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Iowa State University

American Literature

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Articles 1 - 6 of 6

Full-Text Articles in African American Studies

Exposing The Pain And Celebrating The Triumphs Of The Black Female Spirit: An Analysis Of Alice Walker's In Love And Trouble, Brittan Nelisa Swanagan Jan 1996

Exposing The Pain And Celebrating The Triumphs Of The Black Female Spirit: An Analysis Of Alice Walker's In Love And Trouble, Brittan Nelisa Swanagan

Retrospective Theses and Dissertations

An evaluation of the Black female spirit as present in Alice Walker's In Love and Trouble: Stories of Black Women (1973) must begin by exposing the adversities Black women have been forced to overcome in America; despite undying efforts to nourish their selfhood, they have battled a society that continuously uses race and gender as suppressers of their identity. Existing as a Black woman in the twentieth century involves dismantling the "double-negative stigma," a term used to describe the towering obstacles placed before the individual who is both Black and female. In addition, little nourishment has been given to ...


Black Women Writers: A Comparative Study Of The Nineteenth Century's Our Nig And The Twentieth Century's Dessa Rose, Petrina D. Jackson Jan 1994

Black Women Writers: A Comparative Study Of The Nineteenth Century's Our Nig And The Twentieth Century's Dessa Rose, Petrina D. Jackson

Retrospective Theses and Dissertations

My comparative study of Our Nig (1859) by Harriet Wilson and Dessa Rose (1986) by Sherley Anne Williams cannot begin without first examining the historical reality of America's societal views and perceptions of the black woman in slavery and servitude during the nineteenth-century; her actual history must precede her literary story. To be a black woman in nineteenth-century America was to be plagued with the label of belonging to a stigmatized race and gender. But devaluing of the black woman is not limited to the nineteenth-century; in fact its legacy persists in today's culture. I believe that one ...


Intraracial Conflict In Harlem In The Fiction Of Rudolph Fisher, Grant Burns Jr. Jan 1985

Intraracial Conflict In Harlem In The Fiction Of Rudolph Fisher, Grant Burns Jr.

Retrospective Theses and Dissertations

During the 1920s and 1930s the consciousness of black America was raised to newer and higher levels of self-worth and social importance. A number of events led up to this awakening, or, more appropriately, reawakening. Large numbers of blacks had streamed into the northern cities in the first years of the new century, in a movement that historians call the Great Migration. These blacks were forced by bigotry to leave the south. They were drawn north by, among other things, the promise of better vocational and educational opportunities.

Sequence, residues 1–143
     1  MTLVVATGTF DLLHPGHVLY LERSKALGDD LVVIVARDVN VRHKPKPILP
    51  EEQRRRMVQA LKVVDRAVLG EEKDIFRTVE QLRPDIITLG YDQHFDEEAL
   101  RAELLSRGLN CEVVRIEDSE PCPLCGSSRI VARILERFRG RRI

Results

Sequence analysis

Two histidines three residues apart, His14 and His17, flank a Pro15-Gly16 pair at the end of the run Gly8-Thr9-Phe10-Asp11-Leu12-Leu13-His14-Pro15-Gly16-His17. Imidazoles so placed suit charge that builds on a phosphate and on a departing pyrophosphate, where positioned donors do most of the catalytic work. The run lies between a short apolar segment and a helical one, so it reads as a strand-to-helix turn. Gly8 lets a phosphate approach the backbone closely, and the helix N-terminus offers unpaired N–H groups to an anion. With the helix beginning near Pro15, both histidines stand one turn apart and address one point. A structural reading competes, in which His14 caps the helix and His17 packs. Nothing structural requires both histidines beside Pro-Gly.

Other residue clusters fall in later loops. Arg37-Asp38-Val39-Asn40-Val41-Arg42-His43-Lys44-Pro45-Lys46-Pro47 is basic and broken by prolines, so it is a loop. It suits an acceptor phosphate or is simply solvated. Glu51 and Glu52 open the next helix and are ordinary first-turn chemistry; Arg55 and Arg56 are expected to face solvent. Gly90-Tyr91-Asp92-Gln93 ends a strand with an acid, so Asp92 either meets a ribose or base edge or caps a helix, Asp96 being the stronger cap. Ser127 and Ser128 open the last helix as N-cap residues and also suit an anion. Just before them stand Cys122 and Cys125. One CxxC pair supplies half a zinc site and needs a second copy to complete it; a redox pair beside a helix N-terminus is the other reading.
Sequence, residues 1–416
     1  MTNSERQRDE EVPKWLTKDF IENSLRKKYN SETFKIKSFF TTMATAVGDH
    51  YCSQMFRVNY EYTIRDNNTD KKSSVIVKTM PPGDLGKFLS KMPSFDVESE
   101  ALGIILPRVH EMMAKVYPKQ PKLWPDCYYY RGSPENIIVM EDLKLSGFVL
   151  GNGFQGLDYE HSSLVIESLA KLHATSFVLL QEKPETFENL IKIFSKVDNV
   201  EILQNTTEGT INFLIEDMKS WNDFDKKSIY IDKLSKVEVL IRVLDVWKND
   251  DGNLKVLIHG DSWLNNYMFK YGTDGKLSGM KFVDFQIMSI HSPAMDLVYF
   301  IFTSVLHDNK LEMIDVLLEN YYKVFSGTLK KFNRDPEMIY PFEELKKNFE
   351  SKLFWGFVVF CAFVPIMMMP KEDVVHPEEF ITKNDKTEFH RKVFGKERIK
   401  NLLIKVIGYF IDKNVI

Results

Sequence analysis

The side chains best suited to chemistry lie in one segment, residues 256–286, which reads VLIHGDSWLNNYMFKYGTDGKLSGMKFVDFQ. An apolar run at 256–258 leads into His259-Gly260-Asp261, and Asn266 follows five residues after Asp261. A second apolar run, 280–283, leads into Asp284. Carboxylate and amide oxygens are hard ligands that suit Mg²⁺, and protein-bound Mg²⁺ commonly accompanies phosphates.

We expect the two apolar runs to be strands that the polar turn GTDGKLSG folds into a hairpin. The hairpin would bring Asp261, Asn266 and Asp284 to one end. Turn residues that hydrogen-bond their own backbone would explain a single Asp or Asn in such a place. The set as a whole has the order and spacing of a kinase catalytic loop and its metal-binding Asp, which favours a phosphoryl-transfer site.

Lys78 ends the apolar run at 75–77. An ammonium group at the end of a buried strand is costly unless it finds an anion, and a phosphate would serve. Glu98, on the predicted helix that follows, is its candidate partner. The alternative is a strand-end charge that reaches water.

Mark Twain's Racial Attitudes As Related In His Works To Shifting Patterns In Tone, John William Miller Jan 1970

Mark Twain's Racial Attitudes As Related In His Works To Shifting Patterns In Tone, John William Miller

Retrospective Theses and Dissertations

Mark Twain's attitudes toward non-whites are seen to be thinly spread throughout the content of much of his published material. Because of this and because these attitudes are often vague and inconsistent, they are not easily explained. However, one overall pattern to these views seems to be evident. Twain most often vacillates between two extreme views or dual myths pertaining to a given race. These views generally represent popular myths current in Twain's own time, such as the myth of hereditary evil in Negro "blood," and the myth of white supremacy. Twain's affinities for and conflicts between ...


Malcolm X: Chronology Of Change, Rose-Ann Cecers Jan 1970

Malcolm X: Chronology Of Change, Rose-Ann Cecers

Retrospective Theses and Dissertations

When a man dies, especially a man like Malcolm X, those who survive him often feel compelled to study his life. My own reading of The Autobiography of Malcolm ! indicates that the most important factor in his career may have been his ability to modify his own life greatly. This man made conscious changes in his existence. The four names he used symbolize these changes.


James Wheldon Johnson: Black American Poet, Diane Moore Jan 1970

James Wheldon Johnson: Black American Poet, Diane Moore

Retrospective Theses and Dissertations

As a man James Weldon Johnson is fascinating if only for his many careers: lawyer, counselor to Latin America, founding father of the National Association for the Advancement of Colored People, lecturer, teacher, elementary school principal, novelist, essayist, song writer, translator, and :poet. However, it is as a poet that he most fascinates me, and as a poet he has not received attention proportionate to his accomplishments. In this paper I wish to trace his development as it moved through four rather distinct stages from his early dialect poetry to his later religious poetry (as represented by God's Trombones ...